Running a business on your own can be difficult and lonely. When my inbox is overflowing, I sometimes think about having a business partner to shoulder some of the load.
But ultimately, I decided that taking on a partner and turning my solo writing business into an agency wasn’t best for me. If you’re thinking about entering into a business partnership, here are some questions to ask yourself to determine if it’s the right move.
Do You Have Enough Revenue?
The income you earn from your business might be good for one person, but is it enough to support two people?
Even if you think your business partner will provide lots of value and bring in new business, it will probably take them a few weeks or months to ramp up. So ideally, you should be earning enough revenue to compensate two people before you think about bringing someone else on.
I don’t think my business is grossing enough yet, so I decided not to look for a business partner.
Are You Willing To Give Up Some Control?
I became a freelancer because I wanted more control over my work life. I wanted to choose when I worked and what projects I took on.
If you value the freedom and autonomy of being a solopreneur, you might find it hard to share your business with an equal partner. Are you ready to run all of your decisions by them and compromise if you disagree on what needs to happen?
Some feel that is an unwelcome change since you’re used to being the CEO and managing your business on your own.
I realized that I would resent having to answer to a business partner. But if making all of the decisions in your business stresses you out, it might be nice to have a partner to share the responsibility with.
Could Subcontractors Fill the Gaps Instead?
If you’re independent like me and don’t want to give up control of your business, you might consider hiring subcontractors instead. Many of the things that a business partner helps you with can be done by freelancers.
Say you need assistance with outreach and cold emailing—a virtual assistant can do that. If you’re looking for strategic planning and business advice, you can book a few sessions with a consultant. If you need help with client work, you can outsource assignments to subcontractors.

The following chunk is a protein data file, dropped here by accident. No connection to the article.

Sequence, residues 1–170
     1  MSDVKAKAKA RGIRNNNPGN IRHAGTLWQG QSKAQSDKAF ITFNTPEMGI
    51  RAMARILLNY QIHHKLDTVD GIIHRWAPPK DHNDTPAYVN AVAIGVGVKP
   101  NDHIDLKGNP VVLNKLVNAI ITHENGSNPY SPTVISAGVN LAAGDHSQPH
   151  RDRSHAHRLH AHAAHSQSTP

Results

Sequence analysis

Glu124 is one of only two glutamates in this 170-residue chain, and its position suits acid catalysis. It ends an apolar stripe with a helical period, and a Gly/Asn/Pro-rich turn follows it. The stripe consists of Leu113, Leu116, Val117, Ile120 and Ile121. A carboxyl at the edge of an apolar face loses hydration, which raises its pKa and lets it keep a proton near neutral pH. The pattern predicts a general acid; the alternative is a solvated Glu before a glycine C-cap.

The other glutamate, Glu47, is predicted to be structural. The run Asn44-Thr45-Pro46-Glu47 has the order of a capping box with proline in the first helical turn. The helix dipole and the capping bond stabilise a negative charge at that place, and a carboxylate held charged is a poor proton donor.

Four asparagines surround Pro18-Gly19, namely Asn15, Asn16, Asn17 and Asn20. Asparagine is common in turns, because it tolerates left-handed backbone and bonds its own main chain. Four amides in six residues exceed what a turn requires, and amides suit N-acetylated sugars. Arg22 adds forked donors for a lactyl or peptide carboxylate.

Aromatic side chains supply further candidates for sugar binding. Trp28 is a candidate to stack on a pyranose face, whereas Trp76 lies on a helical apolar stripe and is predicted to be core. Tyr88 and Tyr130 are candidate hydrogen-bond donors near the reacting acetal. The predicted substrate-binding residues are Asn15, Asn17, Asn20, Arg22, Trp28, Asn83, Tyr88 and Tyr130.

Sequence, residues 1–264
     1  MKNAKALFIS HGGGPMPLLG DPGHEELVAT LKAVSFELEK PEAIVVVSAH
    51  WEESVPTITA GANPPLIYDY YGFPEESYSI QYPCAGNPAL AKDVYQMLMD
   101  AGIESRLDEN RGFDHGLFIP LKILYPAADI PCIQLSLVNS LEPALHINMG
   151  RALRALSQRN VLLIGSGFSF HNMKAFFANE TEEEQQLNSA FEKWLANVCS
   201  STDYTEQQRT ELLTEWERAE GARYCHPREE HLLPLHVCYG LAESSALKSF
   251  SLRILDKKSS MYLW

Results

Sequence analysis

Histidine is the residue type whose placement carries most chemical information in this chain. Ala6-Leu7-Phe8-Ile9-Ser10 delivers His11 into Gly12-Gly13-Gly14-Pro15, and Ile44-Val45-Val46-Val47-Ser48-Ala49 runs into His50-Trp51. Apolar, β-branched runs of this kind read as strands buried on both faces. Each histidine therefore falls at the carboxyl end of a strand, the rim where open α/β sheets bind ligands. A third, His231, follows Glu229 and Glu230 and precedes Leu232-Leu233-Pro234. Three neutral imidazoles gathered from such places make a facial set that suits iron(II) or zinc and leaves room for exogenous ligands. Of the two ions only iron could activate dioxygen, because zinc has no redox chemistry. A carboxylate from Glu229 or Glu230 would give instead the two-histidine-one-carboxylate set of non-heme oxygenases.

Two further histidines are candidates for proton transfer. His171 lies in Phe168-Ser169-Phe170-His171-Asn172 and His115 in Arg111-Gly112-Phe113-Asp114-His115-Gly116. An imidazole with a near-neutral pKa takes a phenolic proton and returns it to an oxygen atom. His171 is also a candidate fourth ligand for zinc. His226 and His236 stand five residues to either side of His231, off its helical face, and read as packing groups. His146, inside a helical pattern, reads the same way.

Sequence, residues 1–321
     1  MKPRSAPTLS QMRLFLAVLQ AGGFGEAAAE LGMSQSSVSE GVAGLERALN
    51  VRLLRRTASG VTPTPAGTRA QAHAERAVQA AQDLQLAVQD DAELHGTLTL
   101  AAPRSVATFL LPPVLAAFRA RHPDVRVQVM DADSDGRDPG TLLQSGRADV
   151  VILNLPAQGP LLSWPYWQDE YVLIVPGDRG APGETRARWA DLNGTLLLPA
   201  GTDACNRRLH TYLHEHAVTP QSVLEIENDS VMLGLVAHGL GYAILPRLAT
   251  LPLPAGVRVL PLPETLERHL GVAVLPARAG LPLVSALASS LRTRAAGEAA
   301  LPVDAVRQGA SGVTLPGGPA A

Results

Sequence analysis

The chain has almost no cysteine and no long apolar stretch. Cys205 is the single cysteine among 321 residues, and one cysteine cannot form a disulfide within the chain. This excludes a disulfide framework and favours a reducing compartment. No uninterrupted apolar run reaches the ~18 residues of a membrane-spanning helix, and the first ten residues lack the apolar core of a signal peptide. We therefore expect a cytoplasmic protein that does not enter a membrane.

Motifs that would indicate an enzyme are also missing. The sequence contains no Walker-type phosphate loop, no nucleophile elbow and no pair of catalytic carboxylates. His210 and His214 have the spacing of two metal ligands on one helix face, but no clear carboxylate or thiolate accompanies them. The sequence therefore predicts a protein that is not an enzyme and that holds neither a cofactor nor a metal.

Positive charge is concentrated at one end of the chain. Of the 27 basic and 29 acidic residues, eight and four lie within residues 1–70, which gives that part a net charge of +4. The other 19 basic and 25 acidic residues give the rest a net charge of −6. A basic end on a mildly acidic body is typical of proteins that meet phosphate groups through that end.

Outsourcing allows you to take some of the work off your plate and scale your company without handing over the reins of your business to someone else. You may also get to keep more of the revenue your business is generating.
A business partner would probably want to split the profits with you evenly. But a subcontractor might only charge you $20 or $25 an hour, enabling you to advance your business and take on more work without giving up a share of your revenue.
Although having a business partner might enable me to scale my freelance writing business into a content marketing agency, I decided to hold off for now. I value the freedom of being my own boss and would have trouble giving up control over my company.
But for some business owners, partnering up with a trusted colleague is the best move. Bringing on someone else with skills that complement your own could help you grow your company without running yourself ragged.
Just make sure that the person you pick shares your vision for your company and has a personality that meshes well with yours so you don’t butt heads.
Vicky Monroe is a freelance personal finance and lifestyle writer. When she’s not busy writing about her favorite money saving hacks or tinkering with her budget spreadsheets, she likes to travel, garden, and cook healthy vegetarian meals.